1884-1910: The Porfiriato (Unraveling Era)

Díaz’s long hold on the presidency is known as the Porfiriato era. While he presided over prosperity, peace, and strong economic growth, his business-friendly policies widened class divisions and income gaps, as well as badly hurting rural agricultural workers. By the end of the Porfiriato, dissatisfaction with Díaz’s dictatorial regime was fomenting an underground revolutionary movement. Child Generation: The PRI Generation (Hero) of Lázaro Cárdenas and Adolfo Ruiz Cortines grew up with increasing protection while class, racial, and ideological tensions rose steadily within an anxious populace and an eerie political calm. They came of age as determined foot soldiers for battling camps in the Revolution; later in life, they were the hubristic and ambitious leaders of one-party Mexico, popular during the PRI’s peacetime heyday but attacked as student activity grew and ubiquitous corruption was challenged.

1910-1929: Mexican Revolution (Crisis Era)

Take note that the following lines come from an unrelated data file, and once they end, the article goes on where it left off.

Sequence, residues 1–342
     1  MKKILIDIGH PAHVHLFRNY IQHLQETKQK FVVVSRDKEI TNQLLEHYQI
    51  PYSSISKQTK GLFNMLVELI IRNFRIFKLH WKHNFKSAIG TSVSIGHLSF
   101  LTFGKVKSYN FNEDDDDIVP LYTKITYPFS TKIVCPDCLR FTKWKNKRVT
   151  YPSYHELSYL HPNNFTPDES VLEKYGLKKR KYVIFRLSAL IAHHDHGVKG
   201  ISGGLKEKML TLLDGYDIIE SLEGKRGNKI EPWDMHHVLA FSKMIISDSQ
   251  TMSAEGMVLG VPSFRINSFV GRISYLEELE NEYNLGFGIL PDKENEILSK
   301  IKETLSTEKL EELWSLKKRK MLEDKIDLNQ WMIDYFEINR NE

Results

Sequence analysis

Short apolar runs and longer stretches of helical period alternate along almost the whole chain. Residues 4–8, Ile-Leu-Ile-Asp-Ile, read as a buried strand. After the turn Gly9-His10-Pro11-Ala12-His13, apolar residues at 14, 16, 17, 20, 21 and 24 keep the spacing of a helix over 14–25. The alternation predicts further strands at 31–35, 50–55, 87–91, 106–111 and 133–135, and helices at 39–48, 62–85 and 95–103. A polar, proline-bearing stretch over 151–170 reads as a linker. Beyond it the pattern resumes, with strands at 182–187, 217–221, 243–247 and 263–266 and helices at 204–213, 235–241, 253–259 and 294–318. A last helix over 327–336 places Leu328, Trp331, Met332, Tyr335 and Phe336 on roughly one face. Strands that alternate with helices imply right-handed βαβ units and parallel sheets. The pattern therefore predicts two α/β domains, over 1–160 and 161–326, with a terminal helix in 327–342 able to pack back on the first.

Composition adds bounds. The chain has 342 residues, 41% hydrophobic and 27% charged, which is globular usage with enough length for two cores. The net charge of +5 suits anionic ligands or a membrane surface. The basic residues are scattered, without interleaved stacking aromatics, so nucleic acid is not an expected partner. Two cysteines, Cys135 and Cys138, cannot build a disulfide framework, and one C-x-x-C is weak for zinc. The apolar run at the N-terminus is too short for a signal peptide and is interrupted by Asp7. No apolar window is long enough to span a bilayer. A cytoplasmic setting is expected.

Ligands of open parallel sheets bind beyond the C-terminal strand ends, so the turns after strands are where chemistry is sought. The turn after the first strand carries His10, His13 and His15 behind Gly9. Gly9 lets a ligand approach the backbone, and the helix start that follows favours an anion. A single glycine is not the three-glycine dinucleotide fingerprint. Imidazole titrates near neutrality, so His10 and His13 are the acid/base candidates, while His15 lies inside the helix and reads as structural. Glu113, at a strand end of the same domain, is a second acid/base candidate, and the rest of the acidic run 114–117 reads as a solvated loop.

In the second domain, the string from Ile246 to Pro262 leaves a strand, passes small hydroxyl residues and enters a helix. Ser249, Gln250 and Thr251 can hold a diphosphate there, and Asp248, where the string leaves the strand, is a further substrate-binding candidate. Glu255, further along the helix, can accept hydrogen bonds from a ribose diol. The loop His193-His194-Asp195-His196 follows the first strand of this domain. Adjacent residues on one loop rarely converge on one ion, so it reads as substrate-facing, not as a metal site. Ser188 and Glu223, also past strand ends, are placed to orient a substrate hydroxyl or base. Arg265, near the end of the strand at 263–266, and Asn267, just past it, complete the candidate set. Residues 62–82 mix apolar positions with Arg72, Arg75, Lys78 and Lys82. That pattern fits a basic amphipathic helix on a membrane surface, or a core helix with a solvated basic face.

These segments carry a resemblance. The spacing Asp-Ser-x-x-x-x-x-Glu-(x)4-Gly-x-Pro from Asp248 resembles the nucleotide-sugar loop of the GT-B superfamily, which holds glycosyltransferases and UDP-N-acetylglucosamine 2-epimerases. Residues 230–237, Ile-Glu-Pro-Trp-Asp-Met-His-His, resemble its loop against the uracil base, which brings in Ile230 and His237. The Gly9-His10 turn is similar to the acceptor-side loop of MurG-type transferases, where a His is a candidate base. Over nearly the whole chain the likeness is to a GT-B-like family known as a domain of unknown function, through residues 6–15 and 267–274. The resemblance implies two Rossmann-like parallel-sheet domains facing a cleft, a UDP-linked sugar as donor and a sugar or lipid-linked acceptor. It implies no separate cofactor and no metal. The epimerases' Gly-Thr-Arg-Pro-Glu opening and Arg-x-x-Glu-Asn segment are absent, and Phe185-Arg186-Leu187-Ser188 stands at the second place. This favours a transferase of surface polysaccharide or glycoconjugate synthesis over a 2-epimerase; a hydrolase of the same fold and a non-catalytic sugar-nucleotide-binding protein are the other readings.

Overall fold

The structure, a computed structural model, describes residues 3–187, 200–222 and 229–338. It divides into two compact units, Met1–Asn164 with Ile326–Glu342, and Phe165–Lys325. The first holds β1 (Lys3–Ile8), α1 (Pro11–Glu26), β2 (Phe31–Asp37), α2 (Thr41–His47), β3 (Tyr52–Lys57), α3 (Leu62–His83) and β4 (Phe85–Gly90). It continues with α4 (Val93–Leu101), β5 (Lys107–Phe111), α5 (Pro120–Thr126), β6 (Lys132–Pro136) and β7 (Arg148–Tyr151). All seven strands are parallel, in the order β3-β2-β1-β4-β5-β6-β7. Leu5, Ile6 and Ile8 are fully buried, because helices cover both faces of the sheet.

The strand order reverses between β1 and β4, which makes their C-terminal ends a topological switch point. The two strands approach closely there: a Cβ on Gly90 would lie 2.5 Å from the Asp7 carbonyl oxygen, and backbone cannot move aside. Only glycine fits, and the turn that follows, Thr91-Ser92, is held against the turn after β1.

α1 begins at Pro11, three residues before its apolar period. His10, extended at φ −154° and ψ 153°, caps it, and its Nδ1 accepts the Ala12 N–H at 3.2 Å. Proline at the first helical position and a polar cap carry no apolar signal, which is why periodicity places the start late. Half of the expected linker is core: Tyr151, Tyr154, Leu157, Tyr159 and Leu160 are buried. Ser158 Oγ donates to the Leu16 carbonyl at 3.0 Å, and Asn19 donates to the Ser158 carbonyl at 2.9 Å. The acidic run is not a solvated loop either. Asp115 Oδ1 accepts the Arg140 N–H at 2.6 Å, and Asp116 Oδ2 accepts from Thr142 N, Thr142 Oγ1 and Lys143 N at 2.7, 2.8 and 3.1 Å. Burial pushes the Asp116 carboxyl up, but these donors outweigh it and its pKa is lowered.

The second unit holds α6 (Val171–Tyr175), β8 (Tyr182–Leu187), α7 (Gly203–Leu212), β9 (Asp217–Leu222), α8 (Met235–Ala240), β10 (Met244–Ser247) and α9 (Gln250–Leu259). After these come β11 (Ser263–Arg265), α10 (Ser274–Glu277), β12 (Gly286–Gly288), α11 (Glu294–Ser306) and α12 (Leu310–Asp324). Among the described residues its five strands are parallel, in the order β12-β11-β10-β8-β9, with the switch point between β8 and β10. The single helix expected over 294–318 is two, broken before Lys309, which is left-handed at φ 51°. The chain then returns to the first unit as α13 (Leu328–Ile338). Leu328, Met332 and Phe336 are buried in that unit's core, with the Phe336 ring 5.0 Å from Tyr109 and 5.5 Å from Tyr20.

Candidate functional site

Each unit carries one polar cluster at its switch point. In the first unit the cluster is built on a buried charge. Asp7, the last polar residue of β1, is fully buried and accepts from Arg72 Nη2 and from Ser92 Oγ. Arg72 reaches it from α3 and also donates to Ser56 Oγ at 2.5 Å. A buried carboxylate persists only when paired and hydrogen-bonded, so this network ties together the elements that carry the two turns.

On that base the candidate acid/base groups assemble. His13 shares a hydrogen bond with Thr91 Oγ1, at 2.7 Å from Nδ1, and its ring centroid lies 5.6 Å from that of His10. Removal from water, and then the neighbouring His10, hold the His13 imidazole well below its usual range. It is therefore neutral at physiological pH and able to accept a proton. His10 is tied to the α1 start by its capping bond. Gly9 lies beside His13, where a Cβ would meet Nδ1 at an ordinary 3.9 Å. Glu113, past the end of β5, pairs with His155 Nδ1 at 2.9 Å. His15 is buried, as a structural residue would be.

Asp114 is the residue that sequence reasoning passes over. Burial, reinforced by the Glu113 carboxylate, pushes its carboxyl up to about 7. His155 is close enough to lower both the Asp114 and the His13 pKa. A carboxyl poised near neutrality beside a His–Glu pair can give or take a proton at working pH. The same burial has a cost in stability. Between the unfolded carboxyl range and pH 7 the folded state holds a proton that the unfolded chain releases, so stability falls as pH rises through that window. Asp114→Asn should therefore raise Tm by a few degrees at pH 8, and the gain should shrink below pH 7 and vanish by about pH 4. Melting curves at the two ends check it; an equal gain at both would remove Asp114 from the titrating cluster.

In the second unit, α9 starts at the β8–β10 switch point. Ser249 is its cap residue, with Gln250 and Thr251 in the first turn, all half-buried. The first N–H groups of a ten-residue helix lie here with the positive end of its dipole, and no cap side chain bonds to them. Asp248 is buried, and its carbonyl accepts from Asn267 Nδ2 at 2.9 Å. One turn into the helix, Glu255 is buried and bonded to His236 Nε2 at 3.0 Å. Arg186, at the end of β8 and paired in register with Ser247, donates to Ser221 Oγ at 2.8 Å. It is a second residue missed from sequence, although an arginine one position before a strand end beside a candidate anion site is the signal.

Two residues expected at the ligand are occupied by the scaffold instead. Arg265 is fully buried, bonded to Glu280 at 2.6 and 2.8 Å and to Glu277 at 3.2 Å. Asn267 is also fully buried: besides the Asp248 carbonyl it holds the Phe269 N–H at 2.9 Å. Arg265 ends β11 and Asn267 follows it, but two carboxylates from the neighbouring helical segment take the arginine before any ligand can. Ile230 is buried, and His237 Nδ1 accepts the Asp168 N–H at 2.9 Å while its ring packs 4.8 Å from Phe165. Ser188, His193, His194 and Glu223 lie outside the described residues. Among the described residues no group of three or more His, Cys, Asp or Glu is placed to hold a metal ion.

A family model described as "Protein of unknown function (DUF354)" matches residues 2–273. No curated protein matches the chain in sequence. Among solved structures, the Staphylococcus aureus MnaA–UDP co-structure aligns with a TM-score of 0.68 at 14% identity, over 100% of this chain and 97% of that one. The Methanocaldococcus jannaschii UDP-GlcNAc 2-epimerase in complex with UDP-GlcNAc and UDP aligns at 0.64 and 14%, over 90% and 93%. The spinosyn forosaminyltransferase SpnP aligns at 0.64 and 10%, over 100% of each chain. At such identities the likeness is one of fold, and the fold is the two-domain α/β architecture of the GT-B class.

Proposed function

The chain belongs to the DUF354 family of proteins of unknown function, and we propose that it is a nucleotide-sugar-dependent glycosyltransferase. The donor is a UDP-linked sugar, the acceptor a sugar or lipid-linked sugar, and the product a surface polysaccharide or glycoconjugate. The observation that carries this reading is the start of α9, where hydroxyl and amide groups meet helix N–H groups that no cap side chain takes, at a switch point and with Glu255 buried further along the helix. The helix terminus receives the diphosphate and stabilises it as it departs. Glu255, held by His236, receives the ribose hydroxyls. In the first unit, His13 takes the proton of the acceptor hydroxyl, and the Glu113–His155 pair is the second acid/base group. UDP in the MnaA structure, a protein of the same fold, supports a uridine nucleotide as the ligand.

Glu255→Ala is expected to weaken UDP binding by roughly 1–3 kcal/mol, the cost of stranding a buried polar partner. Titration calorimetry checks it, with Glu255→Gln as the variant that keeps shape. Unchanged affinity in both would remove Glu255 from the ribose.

In 1910, Díaz allowed the first election since retaking power in 1884. When his nearly unanimous (and likely fraudulent) victory against challenger Francisco Madero was announced, Madero organized a revolt which brought him to power. The next decade brought repeated coups and constant instability and bloodshed as different factions – radicals, liberals, and otherwise – fought for power. Then the Cristero War violently reintroduced the role of the Catholic Church as a fundamental question. Finally the mood eased when Plutarco Elías Calles managed to create a new political system which would ensure stability and peace through “puppet presidents” and a new party machine. Gray Champion / Defining Leader: ? Child Generation: The Stifled Generation (Artist) was overprotected as Mexico endured a bloody and destructive period of civil war and thorough national upheaval. They came of age while leaders confidently pursued a popular agenda and the country witnessed its most agreeable economy since independence. Later in life, as some remained technocrats and apologists, many broke free from a stilted and quiet youth to become the most articulate and impassioned advocates of reform.